Emboldened by their success in Elder St, in December 1981 members of the Trust locked themselves into St Botolph’s Hall in Spital Sq, formerly part of the Central Foundation Girls School, but in contrast to the earlier occupation which extended for months this was resolved in weeks. “It was set for demolition but we saved it!” Mark informed me simply, in his characteristic softly-spoken tone.

These two highly-publicised events, spanning Mark’s seven years as Chairman of The Spitalfields Trust, were highly influential in shifting public sympathies towards the preservation of old buildings at that time and today Mark looks back on his time in Spitalfields with affection. “There was a very nice atmosphere in those early days, because the houses we saved were sold to people who didn’t have much money and they restored them with their own hands,” he concluded fondly, “and we all met for lunch together in the Market Cafe.”

Mark Girouard among a deputation from Spitalfields who staged a sit-in at the headquarters of British Land in protest at their plan to demolish eighteenth century houses in Elder St, September 1977.

Douglas Blain, Secretary of the Spitalfields Trust with Mark Girouard at 9 Elder St.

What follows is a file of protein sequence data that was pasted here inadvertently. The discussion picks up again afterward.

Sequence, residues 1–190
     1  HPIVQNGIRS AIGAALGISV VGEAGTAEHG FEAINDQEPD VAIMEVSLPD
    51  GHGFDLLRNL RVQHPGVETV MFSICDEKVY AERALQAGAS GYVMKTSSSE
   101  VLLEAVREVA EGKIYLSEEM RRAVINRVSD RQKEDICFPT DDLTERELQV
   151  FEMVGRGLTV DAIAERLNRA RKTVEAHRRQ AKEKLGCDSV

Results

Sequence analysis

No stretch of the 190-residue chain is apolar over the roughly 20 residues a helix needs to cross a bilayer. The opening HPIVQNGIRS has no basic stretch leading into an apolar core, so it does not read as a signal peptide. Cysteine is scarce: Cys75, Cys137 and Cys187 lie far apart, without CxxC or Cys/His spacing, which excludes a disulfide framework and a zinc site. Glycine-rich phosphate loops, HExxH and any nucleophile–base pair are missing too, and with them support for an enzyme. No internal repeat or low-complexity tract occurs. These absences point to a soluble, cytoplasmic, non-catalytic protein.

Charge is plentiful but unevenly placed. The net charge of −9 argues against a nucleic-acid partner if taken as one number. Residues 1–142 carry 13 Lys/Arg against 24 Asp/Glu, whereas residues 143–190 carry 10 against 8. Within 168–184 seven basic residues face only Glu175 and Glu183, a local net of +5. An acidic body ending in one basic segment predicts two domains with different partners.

The deputation to the headquarters of British Land, Mark Girouard stands centre with social historian Raphael Samuel, second from right.

Elder St, 1977

“We Shall Not Be Moved” read the sign over the doors of 7 & 9 Elder St.

Rear of 7 & 9 Elder St

First floor of 9 Elder St

Mark Girouard, Colin Amery, Fiona Skrine and Joanna Price during the sit-in at Spital Sq, 1981.

Wilkes St in the seventies, with gaps from bomb damage still unfilled.

You may also like to read about

Fiona Skrine, the Sit-in at Spital Sq

Neville Turner of Elder St

19 Responses leave one →
  1. John Montague permalink
    June 18, 2013

    Gentle Author,
    You have finally induced me to reply to one of your posts. Mark Girouard, Dan Cruickshank, Colin Amery, and all the others who had the conviction to stop the bleeding of destruction of important pre-industrial buildings in Spitalfields and elsewhere are clearly worthy of your outstanding blog. When I read Survey of London volumes from the 1950’s and 1960’s and realize how many 18th century buildings have been demolished since the publication dates, your vivid description of the work of Mr. Girouard and friends has even greater impact.